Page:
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‘Wicked Good Words’: A Road Trip Through Regional Sayings

BOSTON — How do you know if someone is a true New Englander? There might be a way to immediately tell and it is not just by the accent.

Some dead giveaways to impostors – if he or she thinks a “spa” is a place to relax or if “wicked” is something bad. Then that person must be an off-islander.

Regionalism in language, using words like spa, which here means a drugstore and wicked which means super, are unique to New England. Our dozens of quirky regionalisms have some solid history behind them as well.

Mim Harrison writes about those regionalisms and their history in her new book, “Wicked Good Words.”

Harrison, whose father is from Boston, grew up hearing our local accent. And she says her interest stems from one word close to home.

“It wasn’t so much the word, but the way it was pronounced, it was my mother’s name which is as a young child I kept thinking ‘what a odd name she has,’ my father calls her Masser,” Harrison says. “Then I realized years later that it was the way a Western New Yorker would say as Martha.”

Another colloquialism is “packy.” Harrison explains that it was a throw-back to the days right after Prohibition.

“People were still a little reluctant to admit the fact that they wanted to go buy some liquor,” Harrison says. “So if they talked about a package store it was a kind of a code for the fact that you would get your liquor in this plain paper package when you took it out.”

Check out other local turns of phrase in “Wicked Good Words.”

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  • http://theouteraisle.blogspot.com Christy Z.

    I moved to Chelsea, MA in 2000 from Oberlin, OH and quickly got a temp job in Arlington.  Not knowing my way around Boston, I called the MBTA help line to tell me how to get from my apartment to my new job.  The gentleman on the phone said to take the Blue Line to the Green Line B train and get off at “Avid Street.”  I repeated,   “Avid Street?” which he replied, “Yes, Avid Street.” It wasn’t until I was on the train looking at my post-it note with “Avid Street” written down, searching the B-line map that it dawned on me that he said “Harvard Street.”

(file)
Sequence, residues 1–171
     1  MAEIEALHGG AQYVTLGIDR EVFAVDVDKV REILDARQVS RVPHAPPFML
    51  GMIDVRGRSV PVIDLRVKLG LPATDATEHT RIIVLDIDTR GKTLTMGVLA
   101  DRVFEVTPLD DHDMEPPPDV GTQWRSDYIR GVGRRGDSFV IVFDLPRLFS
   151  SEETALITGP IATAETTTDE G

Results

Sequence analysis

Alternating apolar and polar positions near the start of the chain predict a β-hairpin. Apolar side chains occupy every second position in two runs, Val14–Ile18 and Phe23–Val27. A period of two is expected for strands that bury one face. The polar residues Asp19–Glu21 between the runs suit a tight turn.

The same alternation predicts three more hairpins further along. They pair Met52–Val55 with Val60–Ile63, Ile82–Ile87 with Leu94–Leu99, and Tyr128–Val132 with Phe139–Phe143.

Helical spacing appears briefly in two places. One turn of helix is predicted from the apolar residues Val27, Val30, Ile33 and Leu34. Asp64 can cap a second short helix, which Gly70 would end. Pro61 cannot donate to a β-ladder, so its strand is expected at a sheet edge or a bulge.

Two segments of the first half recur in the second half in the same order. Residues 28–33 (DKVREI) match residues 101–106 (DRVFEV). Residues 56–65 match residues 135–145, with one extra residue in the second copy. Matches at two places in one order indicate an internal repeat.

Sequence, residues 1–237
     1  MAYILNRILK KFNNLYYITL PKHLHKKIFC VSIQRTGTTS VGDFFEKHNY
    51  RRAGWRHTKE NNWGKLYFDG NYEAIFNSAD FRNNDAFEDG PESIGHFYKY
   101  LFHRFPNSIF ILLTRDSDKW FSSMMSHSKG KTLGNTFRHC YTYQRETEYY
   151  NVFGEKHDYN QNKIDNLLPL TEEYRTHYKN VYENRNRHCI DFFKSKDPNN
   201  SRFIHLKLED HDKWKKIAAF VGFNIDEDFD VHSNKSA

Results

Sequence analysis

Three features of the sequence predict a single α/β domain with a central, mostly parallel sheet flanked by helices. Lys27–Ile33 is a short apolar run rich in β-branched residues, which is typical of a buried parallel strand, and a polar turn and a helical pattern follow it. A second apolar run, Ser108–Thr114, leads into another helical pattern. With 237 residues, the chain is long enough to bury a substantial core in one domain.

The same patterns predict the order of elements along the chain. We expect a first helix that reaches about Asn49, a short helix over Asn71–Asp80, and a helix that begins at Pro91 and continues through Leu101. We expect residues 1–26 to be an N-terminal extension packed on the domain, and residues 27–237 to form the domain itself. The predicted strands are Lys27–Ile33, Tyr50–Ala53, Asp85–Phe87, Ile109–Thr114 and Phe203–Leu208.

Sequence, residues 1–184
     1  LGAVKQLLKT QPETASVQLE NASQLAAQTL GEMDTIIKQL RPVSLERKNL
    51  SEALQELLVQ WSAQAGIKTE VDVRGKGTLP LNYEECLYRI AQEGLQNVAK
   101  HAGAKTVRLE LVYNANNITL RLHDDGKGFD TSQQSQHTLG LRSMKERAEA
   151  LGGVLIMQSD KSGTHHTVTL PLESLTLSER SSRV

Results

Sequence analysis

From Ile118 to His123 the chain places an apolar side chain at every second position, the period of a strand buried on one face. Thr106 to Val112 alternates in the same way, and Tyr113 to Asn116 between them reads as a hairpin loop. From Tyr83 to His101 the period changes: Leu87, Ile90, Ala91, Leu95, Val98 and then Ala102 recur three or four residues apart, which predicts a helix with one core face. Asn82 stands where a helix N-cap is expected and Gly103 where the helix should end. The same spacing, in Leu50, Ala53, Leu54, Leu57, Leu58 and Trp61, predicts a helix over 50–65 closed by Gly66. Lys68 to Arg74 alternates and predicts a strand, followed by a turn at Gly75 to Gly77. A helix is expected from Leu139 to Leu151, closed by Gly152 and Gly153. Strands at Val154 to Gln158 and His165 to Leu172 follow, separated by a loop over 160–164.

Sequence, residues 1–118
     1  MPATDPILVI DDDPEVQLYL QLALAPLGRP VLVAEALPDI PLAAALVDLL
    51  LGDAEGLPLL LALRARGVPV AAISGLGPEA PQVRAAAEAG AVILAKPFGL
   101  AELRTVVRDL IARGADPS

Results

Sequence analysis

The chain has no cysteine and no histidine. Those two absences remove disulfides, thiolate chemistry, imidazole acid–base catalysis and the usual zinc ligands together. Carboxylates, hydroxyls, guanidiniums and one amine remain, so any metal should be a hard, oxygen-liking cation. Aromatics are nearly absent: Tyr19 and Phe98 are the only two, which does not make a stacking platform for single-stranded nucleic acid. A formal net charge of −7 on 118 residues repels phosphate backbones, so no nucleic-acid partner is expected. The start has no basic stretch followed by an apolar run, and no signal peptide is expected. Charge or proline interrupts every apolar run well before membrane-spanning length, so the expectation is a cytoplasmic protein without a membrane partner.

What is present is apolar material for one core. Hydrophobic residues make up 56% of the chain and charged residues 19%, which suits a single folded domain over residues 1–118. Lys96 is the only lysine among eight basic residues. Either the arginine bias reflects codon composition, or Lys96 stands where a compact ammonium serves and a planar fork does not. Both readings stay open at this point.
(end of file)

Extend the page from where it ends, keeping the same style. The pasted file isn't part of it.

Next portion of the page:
• Lois A. McNulty

    I was new to New England (Boston area) having grown up in Phildelphia and in my first teaching job in 1972 when I was puzzled to see this word on several of my fourth-graders’ spelling tests: “idear.”
    The word was “idea.” I think they thought they were doing me a favor in correcting my obvious mispronounciation!

  • Hmmmm

    Since when is New York in New England?  (It’s not).  And I’ve lived in New England/Boston all my life, and have never heard a pharmacy referred to as a spa.  How can she write a book if she’s not from Boston but her father is?  Has she even been to New England or does she think New York is good enough when it’s completely different from Boston….. I could go on.  Either this book is not valid or the article describing it has neglected some important details.

    • Yup, spa…

      Actually I have heard of a corner store that also sell sandwiches called a spa.  In Brookline on the corner of Harvard st and Brook st the store was called the “Brookline spa” or the “Village spa”.  I have seen other stores similar  with  spa in its name but not a pharmacy. 

  • Really!?

    I haven’t read the book, so I don’t know if this is mentioned, but when I was growing up in Lexington in the 60s, I often heard kids in the neighborhood say, “so don’t I,” instead of “so DO I” when agreeing with someone.
    And I agree with Hmmmm below – I’ve never heard of a pharmacy referred to as a spa.

    • Yup, Spa….

      “So don’t I” ….Good one.  I use to say that too when I was younger until I learned it was incorrect.  It probably still slips out here and there out of bad habit.

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